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South Korean Democratic Party presidential nominee Lee Jae-myung, center, speaks during a campaign stop in Gangnam, South Korea, Wednesday, Feb. 16, 2022.

South Korean Democratic Party presidential nominee Lee Jae-myung, center, speaks during a campaign stop in Gangnam, South Korea, Wednesday, Feb. 16, 2022. (Lee Jae-myung Election Campaign)

A front-runner in South Korea’s March 9 presidential election delivered his strongest remarks against deploying additional U.S.-made missile defense systems by suggesting his political opponents who favor the idea were “telling lies.”

Lee Jae-myung, the ruling Democratic Party’s candidate and the former governor of Gyeonggi province, argued that national security on the Korean Peninsula ought to be apolitical.

“A nation is its people; therefore, all national capabilities must be concentrated on security to protect the lives and safety of the people,” Lee said during a campaign stop in Gangnam District on Wednesday afternoon. “It’s no wonder. Security should not be an object of a political scheme.”

Lee’s remarks centered on the Terminal High Altitude Area Defense, or THAAD, a missile defense system developed by Lockheed Martin. A U.S.-operated THAAD battery is posted in South Korea “solely to enhance the defense” of the country amid North Korea’s “strategic provocations,” U.S. Forces Korea said in 2017.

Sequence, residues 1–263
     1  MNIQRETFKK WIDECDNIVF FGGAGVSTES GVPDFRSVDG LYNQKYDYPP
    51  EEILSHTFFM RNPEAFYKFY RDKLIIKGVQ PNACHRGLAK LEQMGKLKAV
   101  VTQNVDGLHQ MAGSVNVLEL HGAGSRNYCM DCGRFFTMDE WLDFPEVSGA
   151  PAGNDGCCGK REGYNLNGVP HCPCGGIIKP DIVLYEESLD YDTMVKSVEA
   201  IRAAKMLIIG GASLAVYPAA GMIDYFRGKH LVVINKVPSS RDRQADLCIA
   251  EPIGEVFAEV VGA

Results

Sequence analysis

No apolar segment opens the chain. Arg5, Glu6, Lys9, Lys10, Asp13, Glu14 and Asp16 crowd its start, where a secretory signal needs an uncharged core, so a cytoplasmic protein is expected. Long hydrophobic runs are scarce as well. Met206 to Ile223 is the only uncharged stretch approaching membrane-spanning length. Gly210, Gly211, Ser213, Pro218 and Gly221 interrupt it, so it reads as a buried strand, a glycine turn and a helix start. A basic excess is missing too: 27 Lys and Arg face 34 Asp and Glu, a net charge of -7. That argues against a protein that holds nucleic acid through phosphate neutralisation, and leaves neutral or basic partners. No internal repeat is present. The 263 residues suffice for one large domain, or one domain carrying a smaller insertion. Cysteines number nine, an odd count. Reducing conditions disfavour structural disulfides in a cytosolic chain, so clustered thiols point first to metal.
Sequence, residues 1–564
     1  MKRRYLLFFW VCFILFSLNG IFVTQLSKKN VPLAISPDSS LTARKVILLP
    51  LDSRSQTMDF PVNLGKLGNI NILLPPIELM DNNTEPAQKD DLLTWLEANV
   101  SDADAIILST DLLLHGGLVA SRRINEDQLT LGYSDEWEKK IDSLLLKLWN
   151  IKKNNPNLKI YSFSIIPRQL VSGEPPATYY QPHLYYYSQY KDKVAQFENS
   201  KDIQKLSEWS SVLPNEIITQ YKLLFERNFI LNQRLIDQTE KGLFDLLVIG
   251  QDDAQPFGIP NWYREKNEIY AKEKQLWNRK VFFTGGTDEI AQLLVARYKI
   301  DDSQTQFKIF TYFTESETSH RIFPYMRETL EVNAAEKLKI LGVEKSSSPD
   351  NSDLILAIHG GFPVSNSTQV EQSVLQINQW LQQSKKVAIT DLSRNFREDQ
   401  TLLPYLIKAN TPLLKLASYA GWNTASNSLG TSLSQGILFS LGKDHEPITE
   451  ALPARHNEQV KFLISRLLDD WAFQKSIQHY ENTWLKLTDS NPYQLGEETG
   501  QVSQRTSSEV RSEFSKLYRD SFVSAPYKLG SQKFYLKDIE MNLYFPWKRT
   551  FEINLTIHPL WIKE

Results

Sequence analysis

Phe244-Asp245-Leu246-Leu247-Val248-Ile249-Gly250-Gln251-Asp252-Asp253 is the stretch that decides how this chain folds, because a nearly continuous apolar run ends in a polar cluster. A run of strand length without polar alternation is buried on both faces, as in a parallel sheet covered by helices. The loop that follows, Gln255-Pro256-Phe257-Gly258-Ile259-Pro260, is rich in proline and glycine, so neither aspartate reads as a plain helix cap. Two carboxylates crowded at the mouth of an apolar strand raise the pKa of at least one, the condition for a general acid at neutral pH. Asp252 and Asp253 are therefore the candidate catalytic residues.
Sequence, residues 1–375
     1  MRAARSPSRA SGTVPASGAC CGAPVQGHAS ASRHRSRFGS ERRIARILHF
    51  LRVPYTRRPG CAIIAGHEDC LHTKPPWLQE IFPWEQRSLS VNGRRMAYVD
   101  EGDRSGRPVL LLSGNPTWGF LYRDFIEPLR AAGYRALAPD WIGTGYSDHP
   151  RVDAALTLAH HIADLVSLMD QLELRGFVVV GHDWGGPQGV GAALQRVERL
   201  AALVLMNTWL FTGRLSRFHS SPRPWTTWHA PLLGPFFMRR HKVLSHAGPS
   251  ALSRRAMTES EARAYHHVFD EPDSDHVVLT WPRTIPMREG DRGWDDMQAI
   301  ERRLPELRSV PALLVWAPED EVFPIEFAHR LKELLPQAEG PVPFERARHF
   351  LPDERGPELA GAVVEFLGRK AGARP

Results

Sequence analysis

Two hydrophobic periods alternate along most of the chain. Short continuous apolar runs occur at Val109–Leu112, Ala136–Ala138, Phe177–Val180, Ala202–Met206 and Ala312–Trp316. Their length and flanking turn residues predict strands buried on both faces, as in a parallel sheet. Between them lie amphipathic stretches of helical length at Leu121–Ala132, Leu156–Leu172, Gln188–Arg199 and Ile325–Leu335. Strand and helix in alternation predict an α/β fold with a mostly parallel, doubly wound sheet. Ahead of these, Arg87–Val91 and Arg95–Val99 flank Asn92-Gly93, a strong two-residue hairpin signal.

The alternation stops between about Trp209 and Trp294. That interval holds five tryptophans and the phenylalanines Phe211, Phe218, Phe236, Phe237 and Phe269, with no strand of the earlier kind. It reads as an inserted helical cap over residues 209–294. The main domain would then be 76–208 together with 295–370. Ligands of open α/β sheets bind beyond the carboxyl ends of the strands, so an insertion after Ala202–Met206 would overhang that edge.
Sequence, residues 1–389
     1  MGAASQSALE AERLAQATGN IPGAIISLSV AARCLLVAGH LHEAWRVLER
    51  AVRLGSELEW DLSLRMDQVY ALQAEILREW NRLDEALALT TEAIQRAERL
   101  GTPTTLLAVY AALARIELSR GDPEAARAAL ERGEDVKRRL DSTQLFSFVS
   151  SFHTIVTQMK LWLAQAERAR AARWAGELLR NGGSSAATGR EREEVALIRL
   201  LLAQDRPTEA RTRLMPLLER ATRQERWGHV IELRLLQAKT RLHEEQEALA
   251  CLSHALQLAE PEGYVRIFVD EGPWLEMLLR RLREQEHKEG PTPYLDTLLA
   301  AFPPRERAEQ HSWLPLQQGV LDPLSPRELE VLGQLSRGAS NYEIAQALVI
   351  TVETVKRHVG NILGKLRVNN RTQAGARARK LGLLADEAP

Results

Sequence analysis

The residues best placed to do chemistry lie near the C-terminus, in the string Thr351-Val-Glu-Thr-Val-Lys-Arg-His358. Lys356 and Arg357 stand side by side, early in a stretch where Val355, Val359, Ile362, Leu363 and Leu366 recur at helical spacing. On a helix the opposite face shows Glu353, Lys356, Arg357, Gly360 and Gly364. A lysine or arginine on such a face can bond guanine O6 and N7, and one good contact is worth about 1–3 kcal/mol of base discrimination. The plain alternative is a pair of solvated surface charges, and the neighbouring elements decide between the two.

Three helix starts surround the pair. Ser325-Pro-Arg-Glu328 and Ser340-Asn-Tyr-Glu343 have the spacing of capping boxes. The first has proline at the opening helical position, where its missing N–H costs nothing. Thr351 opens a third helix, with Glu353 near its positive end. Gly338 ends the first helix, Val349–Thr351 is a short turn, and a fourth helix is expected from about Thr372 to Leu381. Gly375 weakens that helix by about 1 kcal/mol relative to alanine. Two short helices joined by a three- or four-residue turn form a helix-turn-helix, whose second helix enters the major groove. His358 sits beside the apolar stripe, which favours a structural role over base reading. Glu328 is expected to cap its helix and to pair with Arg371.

Yoon Seok-youl, the nominee of the conservative People Power Party and a former chief prosecutor, has argued that the sole THAAD battery in South Korea is inadequate for defending the capital city of Seoul, and that the country needs another unit, manned by the South Korean military.

“THAAD is needed for the capital area, accordingly,” Yoon said during a presidential debate on Feb. 3.

The $800 million THAAD system is able to track enemy missiles up to 1,864 miles away but can intercept them only up to 124 miles, according to the Center for Strategic and International Studies. THAAD critics argue that North Korea already possesses long-range artillery and low-altitude maneuvering missiles that can circumvent the system’s range and capability.

Lee, in his remarks on Wednesday, accused Yoon and his campaign of warmongering to score political points ahead of the March 9 election.

Lee also warned of the economic consequences of Yoon’s pro-THAAD stance by pointing to China’s boycotts of South Korean businesses following the battery’s deployment in 2017. Economic losses were estimated to be around $7 billion, according to South Korea’s National Assembly.

“They raise tensions, saying needless things such as THAAD deployment, no matter whether the economy dies, the stock market crashes and foreign-invested companies’ stock prices tumble or not,” Lee said.

Lee urged listeners to “make sure something like this doesn’t happen again” and suggested Yoon was stoking security fears “to pursue one’s political and individual interests.”

A spokesman for Yoon’s party told Stars and Stripes by phone Thursday that THAAD is a “military strategic issue” that ought to be discussed by “military strategy experts.”

“THAAD is a system to keep missiles from touching the ground,” said Lee Myung Woo, a spokesman for the South Chungcheong Branch of the People Power Party. “We should have a kill-chain that can defend our country, completely, anywhere, no matter what type of missiles.”

David Choi is based in South Korea and reports on the U.S. military and foreign policy. He served in the U.S. Army and California Army National Guard. He graduated from the University of California, Los Angeles.
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